JUICE: Sailing to Grid Regionalization

11 Jun 2019

The announcement by California’s transmission operator that it will become the regional coordinator, not only in its territory, but across big parts of the western grid beginning July 1 generated few headlines. However, the California Independent System Operator becoming the new high wires reliability cop on the beat from Northern Mexico to Canada is a big deal.

The latest move is another significant step towards CAISO becoming a regional grid operator. Taking over the reliability coordination services from Peak Reliability follows the success of CAISO’s continually growing real-time western Energy Imbalance Market, which has created cost savings and improved use of renewables.

CAISO’s slow and steady sail towards an expanded footprint contrasts to previous efforts to become a western grid operator via legislation. It’s a welcome change after last year and the previous year’s attempt by Assembly Utilities & Energy Committee Chair Chris Holden (D-Pasadena) to ram through his regionalization measure, a politically fraught move given the complexities, unknowns and controversy.

Today, CAISO’s expansion is being driven by economics, not politics.

When announcing its new regional coordinator role as “RC West” last week, CAISO said it will bring at least a 50 percent savings in the cost of grid reliability services. As additional entities join, more savings are anticipated as the costs are spread over larger numbers of participants.

At the beginning of July, CAISO will handle coordinating and protecting the grids of 16 balancing authorities in place of Peak Reliability. In November, the number of participants is expected to rise to 40 after an expected 24 more balancing authorities join RC West. Together, they will represent nearly 90 percent of the electricity in the western interconnection.

The projected savings compared to Peak Reliability’s are attributed to CAISO’s ability to leverage “efficiencies from existing control room technologies, management staff and other necessary infrastructure,” the grid operator stated.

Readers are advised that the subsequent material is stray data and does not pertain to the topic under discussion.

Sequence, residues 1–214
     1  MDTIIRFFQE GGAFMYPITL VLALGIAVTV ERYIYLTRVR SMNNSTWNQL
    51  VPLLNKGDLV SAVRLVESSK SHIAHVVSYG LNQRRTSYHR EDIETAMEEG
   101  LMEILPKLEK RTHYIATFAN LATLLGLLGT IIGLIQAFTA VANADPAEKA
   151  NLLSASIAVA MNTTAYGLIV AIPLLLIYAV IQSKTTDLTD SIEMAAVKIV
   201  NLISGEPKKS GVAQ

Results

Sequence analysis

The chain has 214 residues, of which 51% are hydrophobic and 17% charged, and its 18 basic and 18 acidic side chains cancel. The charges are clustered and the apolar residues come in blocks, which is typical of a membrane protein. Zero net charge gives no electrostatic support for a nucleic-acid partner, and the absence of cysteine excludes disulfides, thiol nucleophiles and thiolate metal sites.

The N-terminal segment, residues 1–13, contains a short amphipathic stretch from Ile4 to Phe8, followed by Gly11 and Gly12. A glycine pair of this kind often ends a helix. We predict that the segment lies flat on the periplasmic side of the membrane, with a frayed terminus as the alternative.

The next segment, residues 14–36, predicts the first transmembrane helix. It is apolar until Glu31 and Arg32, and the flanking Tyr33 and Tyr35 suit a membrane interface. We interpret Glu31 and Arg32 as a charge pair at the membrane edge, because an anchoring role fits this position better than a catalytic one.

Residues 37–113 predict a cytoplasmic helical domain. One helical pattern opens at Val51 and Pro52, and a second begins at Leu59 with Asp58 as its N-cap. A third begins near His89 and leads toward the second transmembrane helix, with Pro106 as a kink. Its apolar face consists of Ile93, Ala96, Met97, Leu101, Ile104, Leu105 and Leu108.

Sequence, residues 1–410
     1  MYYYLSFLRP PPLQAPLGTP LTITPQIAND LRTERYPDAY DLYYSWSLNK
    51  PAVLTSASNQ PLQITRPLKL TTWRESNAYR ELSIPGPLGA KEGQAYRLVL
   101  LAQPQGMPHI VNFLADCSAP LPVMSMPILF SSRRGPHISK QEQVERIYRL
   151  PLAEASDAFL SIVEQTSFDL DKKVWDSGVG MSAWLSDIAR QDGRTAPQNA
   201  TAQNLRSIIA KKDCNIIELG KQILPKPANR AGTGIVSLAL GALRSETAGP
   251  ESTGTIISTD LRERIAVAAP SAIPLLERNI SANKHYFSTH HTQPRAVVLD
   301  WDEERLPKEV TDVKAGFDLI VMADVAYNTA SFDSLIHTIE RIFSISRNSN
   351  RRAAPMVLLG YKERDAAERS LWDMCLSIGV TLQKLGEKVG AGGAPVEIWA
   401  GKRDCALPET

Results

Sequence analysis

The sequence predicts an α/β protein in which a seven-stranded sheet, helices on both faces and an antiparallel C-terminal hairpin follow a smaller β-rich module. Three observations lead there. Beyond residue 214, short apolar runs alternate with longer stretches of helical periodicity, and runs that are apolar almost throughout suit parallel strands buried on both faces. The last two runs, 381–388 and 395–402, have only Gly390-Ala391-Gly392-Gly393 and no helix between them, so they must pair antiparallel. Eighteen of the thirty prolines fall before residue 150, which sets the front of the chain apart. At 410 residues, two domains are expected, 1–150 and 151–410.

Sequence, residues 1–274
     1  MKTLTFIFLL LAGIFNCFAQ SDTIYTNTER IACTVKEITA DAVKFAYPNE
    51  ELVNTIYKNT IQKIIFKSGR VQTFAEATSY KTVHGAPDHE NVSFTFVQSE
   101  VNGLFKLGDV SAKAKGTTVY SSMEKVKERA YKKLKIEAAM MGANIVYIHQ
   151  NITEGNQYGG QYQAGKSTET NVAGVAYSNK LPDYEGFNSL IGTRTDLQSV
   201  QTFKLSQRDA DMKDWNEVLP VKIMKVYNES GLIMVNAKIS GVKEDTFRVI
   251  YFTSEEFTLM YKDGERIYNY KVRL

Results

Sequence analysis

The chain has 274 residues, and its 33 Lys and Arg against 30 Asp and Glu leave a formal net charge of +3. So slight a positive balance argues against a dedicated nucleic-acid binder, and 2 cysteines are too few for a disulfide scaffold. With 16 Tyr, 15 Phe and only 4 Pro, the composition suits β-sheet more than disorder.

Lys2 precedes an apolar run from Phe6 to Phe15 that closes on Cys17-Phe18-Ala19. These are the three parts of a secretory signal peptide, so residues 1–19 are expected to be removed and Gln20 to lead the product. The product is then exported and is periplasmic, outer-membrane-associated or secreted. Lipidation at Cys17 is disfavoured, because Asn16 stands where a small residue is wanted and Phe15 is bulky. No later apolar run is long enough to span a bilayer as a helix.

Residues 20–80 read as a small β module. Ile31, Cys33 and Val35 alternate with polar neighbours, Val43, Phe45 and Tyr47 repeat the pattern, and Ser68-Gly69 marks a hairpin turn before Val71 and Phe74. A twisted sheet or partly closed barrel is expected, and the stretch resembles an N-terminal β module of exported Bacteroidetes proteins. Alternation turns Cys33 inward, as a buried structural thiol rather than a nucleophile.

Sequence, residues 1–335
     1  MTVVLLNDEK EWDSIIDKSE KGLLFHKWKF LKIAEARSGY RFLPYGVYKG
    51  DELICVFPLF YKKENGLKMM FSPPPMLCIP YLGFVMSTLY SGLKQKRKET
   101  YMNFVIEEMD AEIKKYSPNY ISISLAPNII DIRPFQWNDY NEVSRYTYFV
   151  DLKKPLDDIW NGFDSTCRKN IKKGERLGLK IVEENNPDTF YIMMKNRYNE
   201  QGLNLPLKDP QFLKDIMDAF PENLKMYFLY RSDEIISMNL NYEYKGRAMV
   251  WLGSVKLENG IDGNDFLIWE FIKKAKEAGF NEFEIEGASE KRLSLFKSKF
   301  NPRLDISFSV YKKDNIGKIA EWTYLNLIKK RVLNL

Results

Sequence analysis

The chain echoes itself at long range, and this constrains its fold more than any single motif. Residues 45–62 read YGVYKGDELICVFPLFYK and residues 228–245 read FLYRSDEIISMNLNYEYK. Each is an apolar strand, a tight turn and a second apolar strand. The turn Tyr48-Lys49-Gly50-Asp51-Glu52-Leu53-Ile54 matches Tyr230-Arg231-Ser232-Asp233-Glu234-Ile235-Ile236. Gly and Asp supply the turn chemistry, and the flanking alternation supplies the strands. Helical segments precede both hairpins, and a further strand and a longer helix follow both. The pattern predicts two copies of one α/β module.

The cost savings are expected in spite of increased staffing to coordinate system restorations and outages and day-ahead operational and real-time assessments for its balancing areas, as well as ensuring compliance with national and regional reliability standards.

There are expected to be up to 55 new staff. That includes three regional coordination operators on day and night shifts, each with a section of the footprint–Northwest, California and Southwest/Rocky Mountain. There also will be an expansion of operations engineering staff to support outage coordination and day-ahead operations planning analyses and real-time operation shifts.

Looking at the bigger scheme of things, CAISO’s transition to a western grid is eased by the changing energy landscape. That includes the diminishing threat of coal-fired generation from cheaper and less polluting natural gas as California and other states move towards a carbon-lite economy. In addition, renewable mandates are becoming the norm across the West.

In late April, for example, Nevada’s governor signed into law legislation mandating that half the Silver State’s electricity is to come from wind, solar and other clean power by 2030.

“As efforts to increase regional grid coordination continue to grow and states and utilities become more comfortable with the CAISO’s operations, the prospects for a region-wide RTO will continue to grow,” said Carl Zichella, NRDC director of western transmission and a proponent of grid regionalization. He said that states now representing “the overwhelming majority of the region’s electrical load” are committing to a cost-effective clean energy future, which “make[s] formation of a regional ISO an increasing inevitability.”

Elizabeth McCarthy

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